I rode an electric motorcycle for the first time

I rode an electric motorcycle for the first time

.

I rode an electric motorcycle for the first time

The Zero FX electric motorcycle is an exciting machine with a top speed of 85 miles per hour and enough acceleration to frighten yourself if you twist aggressively enough on the throttle.To get more news about electric motorcycle, you can visit davincimotor.com official website.

But as a relative beginner to the motorcycle world, I didn’t ride it anywhere near its maximum speed when I had the chance to check it out for about a week in November. I’d never driven an electric motorcycle before, and a sense of curiosity coupled with pandemic-induced boredom urged me to try it out for rides in Manhattan (while another, very present feeling of caution urged me to do so carefully).

I’m not the only one hopping on a two-wheeler these days: Sales of new motorcycles and scooters are up by about 10 percent in the third quarter of this year, according to the Motorcycle Industry Council. That bump is a smaller version of a large surge in bicycle sales.

If you’re curious about climbing onto one—whether as an alternative to public transportation during COVID, for fun, or some combination of those reasons and others—here’s what I learned as a beginner on a fancy new electric motorcycle.A standard-issue gas-powered motorcycle requires that its rider shift gears by pulling in the clutch with your left hand and changing gears with your left foot.

But an electric motorcycle strips away that requirement. Because you don’t need to shift, operating it is a cognitively easier task for a beginner like me. The Zero FX I rode, like other electric bikes, is operated simply by rolling on the throttle in your right hand. The rear and front brake controls are in their usual spots—engaged using your right foot, and right hand, respectively.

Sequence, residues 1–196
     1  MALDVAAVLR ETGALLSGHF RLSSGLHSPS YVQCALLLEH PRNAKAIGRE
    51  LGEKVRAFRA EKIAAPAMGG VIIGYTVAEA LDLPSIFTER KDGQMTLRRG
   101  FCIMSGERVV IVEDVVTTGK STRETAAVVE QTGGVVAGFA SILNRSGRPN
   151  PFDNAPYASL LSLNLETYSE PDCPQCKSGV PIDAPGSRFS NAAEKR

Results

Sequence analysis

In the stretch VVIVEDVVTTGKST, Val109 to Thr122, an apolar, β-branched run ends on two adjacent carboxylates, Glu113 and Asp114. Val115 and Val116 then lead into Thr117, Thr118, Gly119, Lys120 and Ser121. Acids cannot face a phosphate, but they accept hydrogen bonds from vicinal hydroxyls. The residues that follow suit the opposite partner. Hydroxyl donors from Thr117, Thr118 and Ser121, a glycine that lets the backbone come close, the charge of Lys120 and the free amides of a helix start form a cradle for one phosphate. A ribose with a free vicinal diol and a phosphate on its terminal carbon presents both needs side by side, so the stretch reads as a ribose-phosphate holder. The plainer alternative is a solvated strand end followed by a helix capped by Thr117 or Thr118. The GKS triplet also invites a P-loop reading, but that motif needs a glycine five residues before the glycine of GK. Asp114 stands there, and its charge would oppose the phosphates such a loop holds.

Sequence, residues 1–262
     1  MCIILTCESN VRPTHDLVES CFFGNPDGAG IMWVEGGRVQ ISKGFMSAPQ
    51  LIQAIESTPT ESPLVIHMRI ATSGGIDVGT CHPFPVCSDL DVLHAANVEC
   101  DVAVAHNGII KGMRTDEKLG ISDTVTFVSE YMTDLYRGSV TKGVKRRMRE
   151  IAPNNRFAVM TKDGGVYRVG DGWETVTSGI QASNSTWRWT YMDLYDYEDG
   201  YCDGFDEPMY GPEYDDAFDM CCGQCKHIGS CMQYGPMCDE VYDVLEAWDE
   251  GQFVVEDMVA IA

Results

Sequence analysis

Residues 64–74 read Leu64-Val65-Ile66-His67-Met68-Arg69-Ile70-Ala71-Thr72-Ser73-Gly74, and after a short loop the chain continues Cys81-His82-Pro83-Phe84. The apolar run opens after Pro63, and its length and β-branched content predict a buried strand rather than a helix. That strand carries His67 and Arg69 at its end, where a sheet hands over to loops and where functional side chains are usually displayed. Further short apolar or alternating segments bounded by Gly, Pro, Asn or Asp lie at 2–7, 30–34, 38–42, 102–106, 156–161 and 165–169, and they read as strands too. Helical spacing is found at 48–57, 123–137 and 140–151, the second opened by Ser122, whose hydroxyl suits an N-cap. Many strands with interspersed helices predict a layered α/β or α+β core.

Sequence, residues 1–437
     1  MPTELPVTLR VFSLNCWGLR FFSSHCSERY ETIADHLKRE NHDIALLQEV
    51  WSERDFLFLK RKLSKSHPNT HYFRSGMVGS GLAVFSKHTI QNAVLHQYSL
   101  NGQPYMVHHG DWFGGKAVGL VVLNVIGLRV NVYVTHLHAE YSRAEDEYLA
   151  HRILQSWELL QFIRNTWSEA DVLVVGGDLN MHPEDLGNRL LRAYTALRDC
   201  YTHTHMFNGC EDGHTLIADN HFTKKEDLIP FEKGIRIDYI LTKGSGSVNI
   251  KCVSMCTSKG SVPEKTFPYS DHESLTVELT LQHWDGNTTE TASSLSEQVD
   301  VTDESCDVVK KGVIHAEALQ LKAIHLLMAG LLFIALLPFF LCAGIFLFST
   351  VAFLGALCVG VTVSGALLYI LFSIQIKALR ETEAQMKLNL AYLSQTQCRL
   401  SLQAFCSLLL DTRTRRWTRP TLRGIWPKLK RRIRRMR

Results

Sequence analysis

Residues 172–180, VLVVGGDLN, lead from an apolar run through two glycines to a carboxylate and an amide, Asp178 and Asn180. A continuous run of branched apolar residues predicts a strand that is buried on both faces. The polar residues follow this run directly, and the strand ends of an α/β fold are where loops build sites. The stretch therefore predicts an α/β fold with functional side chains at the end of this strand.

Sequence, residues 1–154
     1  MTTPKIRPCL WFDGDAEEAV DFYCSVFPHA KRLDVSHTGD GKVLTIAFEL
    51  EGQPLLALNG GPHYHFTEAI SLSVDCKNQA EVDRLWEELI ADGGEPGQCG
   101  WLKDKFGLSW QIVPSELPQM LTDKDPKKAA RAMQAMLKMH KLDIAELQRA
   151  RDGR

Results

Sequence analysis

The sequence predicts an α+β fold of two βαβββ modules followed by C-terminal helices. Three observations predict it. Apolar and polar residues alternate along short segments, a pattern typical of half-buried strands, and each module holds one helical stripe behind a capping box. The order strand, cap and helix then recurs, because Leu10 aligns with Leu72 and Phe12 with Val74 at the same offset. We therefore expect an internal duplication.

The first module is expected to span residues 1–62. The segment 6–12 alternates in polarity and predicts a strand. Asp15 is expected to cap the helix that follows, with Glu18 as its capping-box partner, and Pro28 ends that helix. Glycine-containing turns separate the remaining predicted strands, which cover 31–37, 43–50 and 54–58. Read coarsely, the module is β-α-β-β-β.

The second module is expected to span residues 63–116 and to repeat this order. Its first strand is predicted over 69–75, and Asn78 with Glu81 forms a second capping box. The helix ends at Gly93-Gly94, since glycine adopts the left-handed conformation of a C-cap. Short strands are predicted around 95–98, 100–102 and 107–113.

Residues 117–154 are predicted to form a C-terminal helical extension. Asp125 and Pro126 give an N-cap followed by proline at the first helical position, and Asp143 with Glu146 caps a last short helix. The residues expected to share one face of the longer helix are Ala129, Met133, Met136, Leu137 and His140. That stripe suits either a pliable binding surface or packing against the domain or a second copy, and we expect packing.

Because you don’t need to shift, accelerating is an easy, linear experience—twist that throttle and zoom forward. That allows you to zip away from any cars that you think might be encroaching into your space, but it also means that you can scare yourself if you twist it too much. Also, it’s very quiet—it makes a whirring sound when you drive it, and when you’re sitting still with it turned on, it’s completely silent. It’s wise to stay ready with the horn to warn others that you’re there. The common motorcyclist phrase “loud pipes save lives” doesn’t apply here.

The FX is a dual-sport bike: It’s great for both the paved streets of New York City and for venturing on rougher gravel roads as well. This type of ride is also on the rise: The Motorcycle Industry Council reports that sales of dual-sports were up nearly 21 percent from January to June of this year. A plush suspension and all-terrain tires help with its versatility, and I found that it absorbed the urban bumps I encountered well. And the torque, which helps power its strong acceleration, clocks in at 78 ft-lb: that’s a lot.
The bike was taller than I initially felt comfortable with—the seat height is 34.7 inches—and when I was on it, I could only touch the ground with my toes; its height made swinging a leg over it harder than I expected, and backing it into a parking spot was also a little challenging. But I found that my initial intimidation with the machine faded as I rode it around my neighborhood, and the fact that it felt maneuverable and easy to swerve around with helped me become more comfortable on it.

114 Views